United States District Court, N.D. Ohio, Eastern Division
CHRISTINE J. FORGUES, Plaintiff,
CARPENTER LIPPS & LELAND LLP, ET AL., Defendants.
OPINION AND ORDER
CHRISTOPHER A. BOYKO UNITED STATES DISTRICT JUDGE.
matter is before the Court on the Report and Recommendation
of the Magistrate Judge (ECF # 26) that Plaintiff's
Motion for Leave to Amend Her First Amended Complaint (ECF #
19) be denied. Upon consideration of the Motion, Briefs,
Report and Recommendation and Objections, the Court ACCEPTS
and ADOPTS the Magistrate Judge's Report and
Recommendation and DENIES Plaintiff's Motion to Amend.
January 5, 2017, Plaintiff Christine J. Forgues filed her
First Amended Complaint, pro se, alleging violations of the
Fair Debt Collection Practices Act (“FDCPA”)
against Defendants Carpenter Lipps & Leland LLP, David
Wallace and Deutsche Bank National Trust Company arising out
of Defendants' attempts to collect on obligations related
to the foreclosure of Plaintiff's residence. On February
21 2017, Defendants filed a Motion to Dismiss the First
Amended Complaint. Plaintiff filed a Brief in Opposition, to
which Defendants replied. On June 26, 2017, the Magistrate
Judge issued a Report and Recommendation that Defendants'
Motion be granted. Objections were filed by Plaintiff and
Defendants filed a response. On September 28, 2017, the Court
adopted and accepted the Report and Recommendation, granting
Defendant's Motion to Dismiss. This case was dismissed
and Judgment was entered in Defendants' favor.
October 24, 2017, Plaintiff filed a Motion for Leave to Amend
First Amended Complaint arguing that the Sixth Circuit case,
Goodson v. Bank of America, N.A., 600 F. App'x
422 (6th Cir. 2015), upon which this Court relied in granting
Defendants' Motion to Dismiss, was unpublished and not
Fed.R.Civ.P. 72(b) and 28 U.S.C. § 636, the District
Court is required to review de novo any portion of the
Magistrate Judge's Report to which a specific objection
is made. A party who fails to file an objection waives the
right to appeal. U.S. v. Walters, 638 F.2d 947, 950
(6th Cir. 1981). The District Court need only review the
Magistrate Judge's factual or legal conclusions that are
specifically objected to by either party. Thomas v.
Arn 474 U.S. 140, 150 (1985).
Rule 72.3(b) recites in pertinent part:
The District Judge to whom the case was assigned shall make a
de novo determination of those portions of the report or
specified proposed findings or recommendations to which
objection is made and may accept, reject, or modify, in whole
or in part, the findings or recommendations made by the
Magistrate Judge. The District Judge need conduct a new
hearing only in such District Judge's discretion or where
required by law, and may consider the record developed before
the Magistrate Judge, making a determination on the basis of
the record. The District Judge may also receive further
evidence, recall witnesses or recommit the matter to the
Magistrate Judge with instructions.
seeks leave to amend her Complaint for a second time under
Fed.R.Civ.P. 15(a)(2). The Magistrate Judge correctly points
out that while Rule 15 “embodies a liberal amendment
policy, ” it is well established that once judgment has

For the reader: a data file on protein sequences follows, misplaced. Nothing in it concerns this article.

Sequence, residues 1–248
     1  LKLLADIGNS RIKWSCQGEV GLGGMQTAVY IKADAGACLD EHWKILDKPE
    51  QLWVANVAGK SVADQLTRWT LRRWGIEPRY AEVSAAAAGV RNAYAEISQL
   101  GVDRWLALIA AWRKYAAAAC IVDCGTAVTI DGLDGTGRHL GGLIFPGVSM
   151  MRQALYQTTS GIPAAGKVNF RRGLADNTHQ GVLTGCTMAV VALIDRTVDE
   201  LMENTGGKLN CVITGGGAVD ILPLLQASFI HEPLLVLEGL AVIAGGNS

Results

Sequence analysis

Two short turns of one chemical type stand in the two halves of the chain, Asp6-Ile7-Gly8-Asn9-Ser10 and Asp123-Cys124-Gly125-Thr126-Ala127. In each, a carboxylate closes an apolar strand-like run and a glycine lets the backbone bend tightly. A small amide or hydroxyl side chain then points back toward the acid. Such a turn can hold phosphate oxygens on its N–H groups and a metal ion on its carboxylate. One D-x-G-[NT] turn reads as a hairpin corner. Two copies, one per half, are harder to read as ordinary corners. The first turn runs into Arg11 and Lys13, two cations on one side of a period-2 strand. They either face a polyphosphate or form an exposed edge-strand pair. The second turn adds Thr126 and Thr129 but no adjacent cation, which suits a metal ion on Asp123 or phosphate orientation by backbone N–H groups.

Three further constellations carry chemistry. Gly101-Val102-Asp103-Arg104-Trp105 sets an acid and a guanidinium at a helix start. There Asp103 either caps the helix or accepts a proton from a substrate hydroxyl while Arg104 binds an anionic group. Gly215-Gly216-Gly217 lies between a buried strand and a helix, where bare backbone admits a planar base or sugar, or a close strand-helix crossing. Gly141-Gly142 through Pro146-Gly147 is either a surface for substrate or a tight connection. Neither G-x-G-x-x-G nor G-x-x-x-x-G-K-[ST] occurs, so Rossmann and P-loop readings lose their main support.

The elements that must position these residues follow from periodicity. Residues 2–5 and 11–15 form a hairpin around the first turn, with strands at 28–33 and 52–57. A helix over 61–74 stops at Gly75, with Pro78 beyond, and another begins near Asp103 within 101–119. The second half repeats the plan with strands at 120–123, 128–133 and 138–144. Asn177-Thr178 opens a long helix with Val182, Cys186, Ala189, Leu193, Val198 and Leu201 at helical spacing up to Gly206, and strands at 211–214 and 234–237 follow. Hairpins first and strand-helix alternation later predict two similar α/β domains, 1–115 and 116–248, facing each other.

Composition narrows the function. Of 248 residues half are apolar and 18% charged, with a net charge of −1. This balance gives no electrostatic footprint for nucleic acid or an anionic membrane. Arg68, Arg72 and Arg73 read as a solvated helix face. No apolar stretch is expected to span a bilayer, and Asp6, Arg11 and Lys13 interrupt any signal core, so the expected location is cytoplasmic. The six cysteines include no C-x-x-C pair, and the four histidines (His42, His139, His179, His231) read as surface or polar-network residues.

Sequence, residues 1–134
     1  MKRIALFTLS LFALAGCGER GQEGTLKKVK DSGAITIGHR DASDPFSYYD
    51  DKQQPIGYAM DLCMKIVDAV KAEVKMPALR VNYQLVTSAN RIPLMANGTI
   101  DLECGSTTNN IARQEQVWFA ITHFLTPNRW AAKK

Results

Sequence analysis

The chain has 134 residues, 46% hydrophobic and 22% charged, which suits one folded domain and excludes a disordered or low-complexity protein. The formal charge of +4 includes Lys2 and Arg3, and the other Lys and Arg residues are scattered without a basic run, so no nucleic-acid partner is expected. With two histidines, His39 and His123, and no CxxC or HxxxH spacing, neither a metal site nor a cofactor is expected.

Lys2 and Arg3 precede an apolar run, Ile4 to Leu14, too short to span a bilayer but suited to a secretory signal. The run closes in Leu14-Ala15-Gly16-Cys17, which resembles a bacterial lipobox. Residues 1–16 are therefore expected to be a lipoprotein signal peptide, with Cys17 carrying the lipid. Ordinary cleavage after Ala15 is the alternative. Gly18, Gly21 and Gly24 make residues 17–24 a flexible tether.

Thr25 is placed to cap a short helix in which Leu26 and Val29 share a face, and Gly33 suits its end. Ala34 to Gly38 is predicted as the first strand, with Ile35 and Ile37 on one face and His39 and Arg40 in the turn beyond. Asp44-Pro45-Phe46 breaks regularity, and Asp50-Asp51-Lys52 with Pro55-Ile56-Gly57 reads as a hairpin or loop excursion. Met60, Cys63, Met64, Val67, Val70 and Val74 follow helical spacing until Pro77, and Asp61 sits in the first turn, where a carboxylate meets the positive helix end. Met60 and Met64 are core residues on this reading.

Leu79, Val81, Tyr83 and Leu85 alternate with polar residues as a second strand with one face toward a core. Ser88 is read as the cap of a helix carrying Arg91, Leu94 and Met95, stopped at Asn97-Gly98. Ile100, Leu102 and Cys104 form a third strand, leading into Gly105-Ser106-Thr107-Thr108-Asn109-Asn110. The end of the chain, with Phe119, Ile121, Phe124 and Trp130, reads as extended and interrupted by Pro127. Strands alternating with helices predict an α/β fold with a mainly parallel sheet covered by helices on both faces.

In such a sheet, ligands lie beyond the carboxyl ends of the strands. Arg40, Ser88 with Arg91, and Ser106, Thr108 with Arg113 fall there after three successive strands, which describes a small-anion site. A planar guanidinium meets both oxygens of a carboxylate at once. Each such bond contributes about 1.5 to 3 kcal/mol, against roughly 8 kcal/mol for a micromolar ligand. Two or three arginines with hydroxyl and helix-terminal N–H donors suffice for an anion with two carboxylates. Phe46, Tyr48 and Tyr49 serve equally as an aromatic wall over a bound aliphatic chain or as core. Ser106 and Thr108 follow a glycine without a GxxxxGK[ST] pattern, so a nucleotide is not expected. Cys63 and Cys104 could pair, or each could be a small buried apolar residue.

been entered, the moving party must first seek relief under
Rules 59 or 60. See Pond v. Haas, 674 Fed.App'x
466, 472 (6th Cir. 2016). Indeed, the Sixth Circuit has
recognized “following entry of final judgment, a party
may not seek to amend their complaint without first moving to
alter, set aside, or vacate the judgment pursuant to Rule 59
or Rule 60 of the Federal Rules of Civil Procedure.”
Morse v. McWhorter, 290 F.3d 795, 799 (6th Cir.
2002). See also Benzon v. Morgan Stanley
Distributors, Inc., 420 F.3d 598, 613 (6th Cir. 2005).
Court agrees with the Magistrate Judge that Plaintiff's
Motion is procedurally improper under Rule 15(a)(2). However,
the Court agrees to construe the Motion under Federal Rules
of Civil Procedure 59(e) and 60(b). The Sixth Circuit has
determined motions under Rule 59(e) are generally only
appropriate in the following circumstances: 1) to correct a
clear error of law; 2) to incorporate newly-discovered
evidence; 3) to prevent manifest injustice; and 4) to address
an intervening change in controlling law. Betts v. Costco
Wholesale Corp., 558 F.3d 461, 474 (6th Cir. 2009).
See also Henderson v. Walled Lake Consol. Schs., 469
F.3d 479, 496 (6th Cir. 2006).
Reply Brief, Plaintiff argues that the Sixth Circuit case
that the Court relied upon to dismiss her case was
unpublished and not binding precedent and therefore, was
prejudicial. Plaintiff also argues that she has new
allegations regarding monthly statements sent by Deutsche
previous Report and Recommendation, The Magistrate Judge
analyzed the factors set out in Goodson v. Bank of
Am., N.A. 600 F.App'x. 422, 431 (6th Cir. 2015) and
determined that Plaintiff failed to allege a plausible claim
that the letter sent by the Defendant's lawyer was for
the purpose of inducing payment. The factors are as follows:
“(1) the nature of the relationship of the parties; (2)
whether the communication expressly demanded payment or
stated a balance due; (3) whether it was sent in response to
an inquiry or request by the debtor; (4) whether the
statements were part of a strategy to make payment more
likely; (5) whether the communication was from a debt
collector; (6) whether it stated that it was an attempt to
collect a debt; and (7) whether it threatened consequences
should the debtor fail to pay.” Id.
Magistrate Judge found the letter did not demand payment nor
did it indicate it was an attempt to collect a debt, in fact,
it did not reference Plaintiff's debt at all. The Court
held that the Magistrate Judge properly considered the